Andrea Sikora, PharmD, associate professor of clinical and administrative pharmacy at the University of Georgia in Augusta, said it would be “difficult to know a patient well enough to make a nuanced decision about the risks and benefits of any prescription drug.”

Information about a patient’s medical history, their labs, or even their COVID test results may not be possible to obtain when prescribing at such a volume, Sikora said.

Medical Board Action

The Texas Medical Board previously took action against Immanuel for failing to provide informed consent to a patient who received a hydroxychloroquine prescription from her.

On Oct. 15, 2021, the board issued a “remedial planopens in a new tab or window” in which Immanuel was to submit her informed consent plan to the board for all off-label treatments she provides.

But on Jan. 4, 2022, the remedial plan was terminated “due to completion of all requirements,” according to the website of the Texas Medical Board.

In addition to Texas, Immanuel holds active licenses in Arizona, Arkansas, Colorado, Connecticut, Kentucky, Louisiana, and Michigan. None of those states list the Texas action in their databases.

A Powerful Platform

Immanuel initially made headlines in July 2020 when she spoke at a rallyopens in a new tab or window held on the steps of the U.S. Supreme Court organized by America’s Frontline Doctors. She claimed to have treated 350 patients with hydroxychloroquine at that point, and none had died.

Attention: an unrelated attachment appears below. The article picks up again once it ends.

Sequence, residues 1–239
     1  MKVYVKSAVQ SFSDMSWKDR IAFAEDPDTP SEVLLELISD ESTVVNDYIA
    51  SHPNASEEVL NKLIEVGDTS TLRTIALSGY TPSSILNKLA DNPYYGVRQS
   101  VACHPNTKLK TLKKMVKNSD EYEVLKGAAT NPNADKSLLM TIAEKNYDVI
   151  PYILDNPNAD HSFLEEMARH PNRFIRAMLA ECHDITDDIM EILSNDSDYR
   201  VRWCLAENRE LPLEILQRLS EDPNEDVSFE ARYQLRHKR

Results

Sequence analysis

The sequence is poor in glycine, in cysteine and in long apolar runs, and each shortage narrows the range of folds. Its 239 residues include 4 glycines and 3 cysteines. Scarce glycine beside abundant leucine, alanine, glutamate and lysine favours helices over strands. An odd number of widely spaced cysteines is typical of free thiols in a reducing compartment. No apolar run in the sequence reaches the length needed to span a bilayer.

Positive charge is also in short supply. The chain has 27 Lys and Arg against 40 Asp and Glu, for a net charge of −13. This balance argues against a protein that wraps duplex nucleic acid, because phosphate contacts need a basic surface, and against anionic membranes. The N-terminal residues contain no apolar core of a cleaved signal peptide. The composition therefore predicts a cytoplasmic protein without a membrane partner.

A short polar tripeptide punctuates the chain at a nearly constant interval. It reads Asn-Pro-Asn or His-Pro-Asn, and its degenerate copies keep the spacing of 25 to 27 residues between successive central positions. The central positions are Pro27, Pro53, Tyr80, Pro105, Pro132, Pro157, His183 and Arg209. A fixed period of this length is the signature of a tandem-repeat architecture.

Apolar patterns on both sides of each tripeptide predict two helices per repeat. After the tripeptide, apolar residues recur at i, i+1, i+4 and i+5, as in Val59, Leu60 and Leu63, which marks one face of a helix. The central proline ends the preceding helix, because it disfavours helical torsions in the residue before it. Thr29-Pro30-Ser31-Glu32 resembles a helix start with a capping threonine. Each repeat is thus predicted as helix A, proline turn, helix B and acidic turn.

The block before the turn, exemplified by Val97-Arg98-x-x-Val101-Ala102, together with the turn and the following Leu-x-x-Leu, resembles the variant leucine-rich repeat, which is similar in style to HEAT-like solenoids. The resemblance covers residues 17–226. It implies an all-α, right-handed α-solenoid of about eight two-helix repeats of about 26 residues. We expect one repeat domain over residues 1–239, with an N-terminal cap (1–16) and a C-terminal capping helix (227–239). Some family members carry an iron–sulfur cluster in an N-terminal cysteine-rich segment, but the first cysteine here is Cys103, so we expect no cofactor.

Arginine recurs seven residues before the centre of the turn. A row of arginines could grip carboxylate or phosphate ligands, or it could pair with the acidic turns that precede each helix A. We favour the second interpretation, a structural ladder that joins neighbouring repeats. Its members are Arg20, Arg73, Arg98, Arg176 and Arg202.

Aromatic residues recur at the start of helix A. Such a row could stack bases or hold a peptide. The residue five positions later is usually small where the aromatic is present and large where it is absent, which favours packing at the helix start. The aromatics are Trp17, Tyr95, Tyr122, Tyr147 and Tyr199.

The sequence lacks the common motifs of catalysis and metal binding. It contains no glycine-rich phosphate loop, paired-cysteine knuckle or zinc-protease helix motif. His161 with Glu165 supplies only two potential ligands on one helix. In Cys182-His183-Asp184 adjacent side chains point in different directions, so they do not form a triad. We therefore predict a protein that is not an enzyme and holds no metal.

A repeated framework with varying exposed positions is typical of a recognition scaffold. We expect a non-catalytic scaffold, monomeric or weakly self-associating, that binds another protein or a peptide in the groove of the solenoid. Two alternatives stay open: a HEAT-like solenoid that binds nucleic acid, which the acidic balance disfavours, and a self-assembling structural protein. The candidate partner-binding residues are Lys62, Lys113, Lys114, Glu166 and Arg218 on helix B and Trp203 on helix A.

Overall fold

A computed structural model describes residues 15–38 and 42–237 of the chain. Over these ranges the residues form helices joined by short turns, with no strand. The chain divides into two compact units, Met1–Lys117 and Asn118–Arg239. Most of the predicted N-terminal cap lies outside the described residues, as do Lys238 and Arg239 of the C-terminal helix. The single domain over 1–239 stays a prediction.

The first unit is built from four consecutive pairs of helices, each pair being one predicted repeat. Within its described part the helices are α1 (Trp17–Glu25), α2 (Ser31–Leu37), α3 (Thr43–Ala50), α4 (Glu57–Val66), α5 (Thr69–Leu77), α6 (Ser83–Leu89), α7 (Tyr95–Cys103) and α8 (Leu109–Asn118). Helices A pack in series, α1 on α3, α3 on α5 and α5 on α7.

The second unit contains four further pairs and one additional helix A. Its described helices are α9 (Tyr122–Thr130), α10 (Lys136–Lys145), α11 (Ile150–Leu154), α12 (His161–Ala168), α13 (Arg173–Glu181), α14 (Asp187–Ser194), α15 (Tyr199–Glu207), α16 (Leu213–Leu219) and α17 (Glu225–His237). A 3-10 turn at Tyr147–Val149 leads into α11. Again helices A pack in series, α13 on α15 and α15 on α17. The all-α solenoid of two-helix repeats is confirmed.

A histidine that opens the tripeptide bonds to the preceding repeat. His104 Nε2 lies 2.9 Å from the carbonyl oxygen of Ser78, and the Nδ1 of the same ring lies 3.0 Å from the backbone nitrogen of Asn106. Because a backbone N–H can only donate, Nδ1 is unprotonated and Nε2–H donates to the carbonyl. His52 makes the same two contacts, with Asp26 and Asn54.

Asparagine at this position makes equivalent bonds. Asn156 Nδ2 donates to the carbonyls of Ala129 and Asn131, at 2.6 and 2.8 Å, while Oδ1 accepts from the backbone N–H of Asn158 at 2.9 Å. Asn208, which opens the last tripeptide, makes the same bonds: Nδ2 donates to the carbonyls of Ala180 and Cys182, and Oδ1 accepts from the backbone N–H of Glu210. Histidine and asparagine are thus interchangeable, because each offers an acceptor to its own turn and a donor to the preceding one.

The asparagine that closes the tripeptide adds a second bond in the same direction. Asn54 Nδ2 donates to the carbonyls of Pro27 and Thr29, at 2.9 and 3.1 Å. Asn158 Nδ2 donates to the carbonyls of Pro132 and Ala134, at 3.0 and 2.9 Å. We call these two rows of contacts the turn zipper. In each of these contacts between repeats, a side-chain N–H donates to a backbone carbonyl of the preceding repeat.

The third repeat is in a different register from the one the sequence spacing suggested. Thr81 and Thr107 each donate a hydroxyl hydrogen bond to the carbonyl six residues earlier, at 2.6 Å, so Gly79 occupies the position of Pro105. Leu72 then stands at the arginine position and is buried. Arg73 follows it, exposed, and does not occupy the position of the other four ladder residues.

Since then, Immanuel has ridden a wave of COVID-related infamy. In addition to telemedicine, her website includes a marketplace for supplements to fight against COVID and mpox, a place to click to “receive prayers for the jab,” and bookings for a religious retreat at her Bethel Revival Ranch.

Immanuel also runs the Fire Power Ministries, which features her sermons on its Facebook page. She also runs a brick-and-mortar clinic, Rehoboth Medical Center, in Houston.

Immanuel was banned from Twitter during the pandemic, but after Elon Musk took over the platform and scrapped its COVID misinformation policy late last year, Twitter reinstated Immanuel’s account.

“Finally my personal account is restored after two years being suspended for saying Hydroxychloroquine works,” Immanuel tweeted in January. She added that she would continue to tweet from the account for Fire Power Ministries, which is verified on Twitter.

“Covid is completely treatable and preventable,” Immanuel tweeted from her ministry account late last year. Adding that hydroxychloroquine and ivermectin work early, she encouraged patients to “get it in your medicine cabinet now” and “don’t wait till you are sick.”


  1. Theresa Hinson says:

    How do I order ivermectin Hydrochlorichin

    1. James Lawler says:

      Hi Theresa, please see our post on ivermectin here https://www.unmc.edu/healthsecurity/transmission/2023/12/11/about-ivermectin/